No Substitute for a Good Wine

This past weekend my wife and I traveled with friends and family to the Peak District, and with Spring having just set in, the meadows were filled with lambs and dandelions. The Peak District Tripplush grass was perfectly partitioned into bright green squares by hand-lain stone walls stretching chronologically back in time and spatially further than the eye can see. On the long summer days, the compulsion to stop off in a country pub and sample the local gastronomic delights of local beef cannot be resisted. Peak District TripNor should they be, for the experience of dining on the road is always fantastic. Even if the food isn’t good, there’s always a new crowd, and a local flavour to be absorbed.

On this occasion, we were all lucky to get the finest food, atmosphere and company all rolled into one. My only dismay was that the only wine on the menu was Hardy’s, and so I did Peak District Tripwhat any rational wine lover would do, and gave patronage to the local industry by sampling a pint of the local microbrewery’s ale – Leatherbritches’s Hairy Helmet. Some may feel compelled to scream heathen, but there’s something odd in my mind about mass-production wine that leaves a funny taste in my mouth (other than masses of sulphites and excess sugar), kind of like apple juice that advertises ‘now with 65% apple juice’ I feel that the tricks Hardy’s and like companies must be pulling to get wine in such high volume so cheaply just can’t be good. One just can’t compare Hardy’s to a low production estate vineyard viagra Inde. The law of dining in a foreign place is ‘do as the locals do’ and so I ordered an ale which was really quite delicious and was a fine companion to my tender steak.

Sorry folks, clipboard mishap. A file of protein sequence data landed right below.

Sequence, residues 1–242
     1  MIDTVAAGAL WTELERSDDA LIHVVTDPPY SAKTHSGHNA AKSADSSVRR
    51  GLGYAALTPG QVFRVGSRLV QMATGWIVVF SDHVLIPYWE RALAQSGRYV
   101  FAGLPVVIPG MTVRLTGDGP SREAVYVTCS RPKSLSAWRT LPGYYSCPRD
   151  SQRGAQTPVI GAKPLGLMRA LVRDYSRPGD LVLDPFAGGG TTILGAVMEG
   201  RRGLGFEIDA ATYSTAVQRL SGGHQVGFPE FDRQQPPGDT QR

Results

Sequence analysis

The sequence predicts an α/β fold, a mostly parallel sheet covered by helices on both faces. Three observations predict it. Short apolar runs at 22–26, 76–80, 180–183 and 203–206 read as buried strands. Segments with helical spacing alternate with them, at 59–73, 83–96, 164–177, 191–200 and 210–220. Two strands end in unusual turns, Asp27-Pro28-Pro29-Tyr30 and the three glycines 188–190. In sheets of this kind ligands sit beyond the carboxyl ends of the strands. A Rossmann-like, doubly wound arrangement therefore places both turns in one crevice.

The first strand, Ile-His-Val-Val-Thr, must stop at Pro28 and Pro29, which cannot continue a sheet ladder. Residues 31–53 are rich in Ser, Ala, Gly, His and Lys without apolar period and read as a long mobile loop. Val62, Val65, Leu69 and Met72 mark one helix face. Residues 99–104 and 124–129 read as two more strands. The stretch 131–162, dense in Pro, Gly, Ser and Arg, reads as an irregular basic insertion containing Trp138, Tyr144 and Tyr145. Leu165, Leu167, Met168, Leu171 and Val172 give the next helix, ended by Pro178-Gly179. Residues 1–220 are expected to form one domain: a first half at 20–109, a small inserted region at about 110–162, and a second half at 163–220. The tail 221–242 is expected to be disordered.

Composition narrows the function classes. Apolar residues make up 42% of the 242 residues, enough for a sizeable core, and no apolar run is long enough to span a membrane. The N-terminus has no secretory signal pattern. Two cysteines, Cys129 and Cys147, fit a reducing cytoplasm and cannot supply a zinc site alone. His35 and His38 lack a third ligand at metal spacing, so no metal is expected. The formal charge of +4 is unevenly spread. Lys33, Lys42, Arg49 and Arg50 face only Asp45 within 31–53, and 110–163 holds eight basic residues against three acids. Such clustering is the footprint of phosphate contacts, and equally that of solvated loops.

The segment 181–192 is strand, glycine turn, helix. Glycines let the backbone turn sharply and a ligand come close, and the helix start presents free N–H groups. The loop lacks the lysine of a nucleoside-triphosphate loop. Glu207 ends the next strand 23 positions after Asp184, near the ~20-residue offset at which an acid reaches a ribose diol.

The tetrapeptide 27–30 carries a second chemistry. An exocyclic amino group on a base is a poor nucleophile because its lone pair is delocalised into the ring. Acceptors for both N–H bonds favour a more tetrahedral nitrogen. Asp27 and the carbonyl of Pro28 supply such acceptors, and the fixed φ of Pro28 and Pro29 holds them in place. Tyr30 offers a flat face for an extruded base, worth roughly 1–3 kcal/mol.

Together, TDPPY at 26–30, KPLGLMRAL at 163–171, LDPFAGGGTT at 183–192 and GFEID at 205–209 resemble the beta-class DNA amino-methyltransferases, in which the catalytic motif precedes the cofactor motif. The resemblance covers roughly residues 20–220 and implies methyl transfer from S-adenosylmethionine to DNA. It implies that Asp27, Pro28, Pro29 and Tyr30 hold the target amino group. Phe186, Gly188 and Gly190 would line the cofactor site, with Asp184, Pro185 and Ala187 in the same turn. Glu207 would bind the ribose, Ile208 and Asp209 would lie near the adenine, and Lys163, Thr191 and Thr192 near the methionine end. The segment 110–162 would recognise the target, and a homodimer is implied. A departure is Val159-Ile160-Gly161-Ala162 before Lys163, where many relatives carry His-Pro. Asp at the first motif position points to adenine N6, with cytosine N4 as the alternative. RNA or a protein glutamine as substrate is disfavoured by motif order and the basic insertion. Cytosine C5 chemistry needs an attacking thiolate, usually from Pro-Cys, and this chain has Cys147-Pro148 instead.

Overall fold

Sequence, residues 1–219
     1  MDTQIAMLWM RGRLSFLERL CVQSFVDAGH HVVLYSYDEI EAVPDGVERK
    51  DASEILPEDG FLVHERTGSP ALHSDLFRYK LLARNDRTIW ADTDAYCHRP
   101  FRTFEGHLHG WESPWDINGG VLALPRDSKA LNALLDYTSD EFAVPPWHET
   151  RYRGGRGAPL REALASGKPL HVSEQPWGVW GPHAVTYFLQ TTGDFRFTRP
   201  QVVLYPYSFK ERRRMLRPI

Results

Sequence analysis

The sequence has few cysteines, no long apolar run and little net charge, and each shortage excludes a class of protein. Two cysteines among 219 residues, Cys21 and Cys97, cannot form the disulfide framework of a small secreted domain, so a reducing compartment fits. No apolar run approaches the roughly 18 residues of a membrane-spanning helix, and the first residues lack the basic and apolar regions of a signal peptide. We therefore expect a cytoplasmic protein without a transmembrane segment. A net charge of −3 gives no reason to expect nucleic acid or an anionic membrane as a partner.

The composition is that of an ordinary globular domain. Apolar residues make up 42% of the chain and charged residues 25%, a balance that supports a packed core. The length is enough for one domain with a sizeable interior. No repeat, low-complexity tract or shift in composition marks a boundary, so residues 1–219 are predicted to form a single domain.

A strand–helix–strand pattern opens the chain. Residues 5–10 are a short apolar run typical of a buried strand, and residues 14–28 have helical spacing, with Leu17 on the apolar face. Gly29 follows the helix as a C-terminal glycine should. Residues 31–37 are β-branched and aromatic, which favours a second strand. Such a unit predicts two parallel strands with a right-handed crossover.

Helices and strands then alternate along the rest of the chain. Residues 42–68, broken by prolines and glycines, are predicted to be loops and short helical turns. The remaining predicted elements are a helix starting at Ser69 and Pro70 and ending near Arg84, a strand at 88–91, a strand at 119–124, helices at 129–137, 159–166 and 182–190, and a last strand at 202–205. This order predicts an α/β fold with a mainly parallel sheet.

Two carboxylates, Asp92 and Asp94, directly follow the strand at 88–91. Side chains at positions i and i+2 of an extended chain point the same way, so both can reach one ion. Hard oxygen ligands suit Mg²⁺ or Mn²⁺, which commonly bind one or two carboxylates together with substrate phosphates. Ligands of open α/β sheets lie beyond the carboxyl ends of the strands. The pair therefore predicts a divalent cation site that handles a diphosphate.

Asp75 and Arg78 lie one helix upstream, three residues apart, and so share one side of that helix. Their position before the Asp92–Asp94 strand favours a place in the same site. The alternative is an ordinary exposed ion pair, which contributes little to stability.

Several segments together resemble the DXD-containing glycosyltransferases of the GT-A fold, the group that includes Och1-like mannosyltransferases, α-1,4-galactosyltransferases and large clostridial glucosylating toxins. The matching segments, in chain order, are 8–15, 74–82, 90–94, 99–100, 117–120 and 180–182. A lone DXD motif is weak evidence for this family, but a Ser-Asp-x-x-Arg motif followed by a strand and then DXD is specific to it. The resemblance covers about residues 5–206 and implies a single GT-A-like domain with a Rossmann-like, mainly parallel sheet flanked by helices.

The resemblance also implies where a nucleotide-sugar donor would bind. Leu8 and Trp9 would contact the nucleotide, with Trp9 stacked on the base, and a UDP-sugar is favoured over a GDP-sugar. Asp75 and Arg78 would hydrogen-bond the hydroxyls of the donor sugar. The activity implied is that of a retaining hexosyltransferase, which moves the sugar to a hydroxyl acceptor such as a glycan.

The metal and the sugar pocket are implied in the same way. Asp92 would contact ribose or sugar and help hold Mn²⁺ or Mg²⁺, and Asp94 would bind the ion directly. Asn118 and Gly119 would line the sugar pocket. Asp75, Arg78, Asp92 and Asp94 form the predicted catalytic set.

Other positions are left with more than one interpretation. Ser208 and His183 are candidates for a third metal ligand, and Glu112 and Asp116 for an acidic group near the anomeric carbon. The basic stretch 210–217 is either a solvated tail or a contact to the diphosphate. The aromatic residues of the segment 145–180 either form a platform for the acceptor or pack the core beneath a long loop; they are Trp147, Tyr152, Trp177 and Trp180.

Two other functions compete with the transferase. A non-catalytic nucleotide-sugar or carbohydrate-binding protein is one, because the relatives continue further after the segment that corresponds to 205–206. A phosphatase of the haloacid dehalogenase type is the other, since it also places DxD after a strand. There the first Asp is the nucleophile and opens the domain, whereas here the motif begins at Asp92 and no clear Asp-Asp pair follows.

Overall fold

Too bad they didn’t have any 2002 Don Nicanor Argentinian Malbec though, because with every bite I could see how the thin fennel and mustard crust on the outside of the steak would compliment the lightly toasted anniset characteristic of the Don Nicanor, and generally being one to order my steak ‘bleu,’ juices would have burst with flavour when met by the dark red fruit profile of the wine, and that knife edge of fruit and earth is all so balanced by the tannin making the Don Nicanor another great steak wine. (Here’s a couple of recipes: and Omaha Steaks)

Don’t get me wrong, I enjoyed the Leatherbritches just fine… but there’s something disagreeable to my mind about ordering something named after a Viking jockstrap together with my prized steak. Perhaps one of the perils of travel is the further one strays from a city, the more grip big distributors have, and the less able small importers are to make calls out to the more remote locations. Thus, the way things are, the real wine-guy may be loathe to travel, because whether you’re driving from NYC to DC or from Atlanta to Charleston, you’re at peril to stop half way, and almost certainly be forced to pair thoughtlessly produced profit-driven plonk with carefully crafted local cuisine. Until theres a way to get more exotic and better suited wine to area’s that are a little off the global map, I guess I may have to occasionally resort to beer.

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